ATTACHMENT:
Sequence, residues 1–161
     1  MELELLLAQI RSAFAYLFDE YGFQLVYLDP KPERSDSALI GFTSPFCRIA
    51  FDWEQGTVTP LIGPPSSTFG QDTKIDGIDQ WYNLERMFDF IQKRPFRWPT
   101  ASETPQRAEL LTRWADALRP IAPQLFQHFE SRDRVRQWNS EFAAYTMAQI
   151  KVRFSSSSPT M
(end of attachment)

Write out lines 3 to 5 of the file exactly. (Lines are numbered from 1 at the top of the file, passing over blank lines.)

    51  FDWEQGTVTP LIGPPSSTFG QDTKIDGIDQ WYNLERMFDF IQKRPFRWPT
   101  ASETPQRAEL LTRWADALRP IAPQLFQHFE SRDRVRQWNS EFAAYTMAQI
   151  KVRFSSSSPT M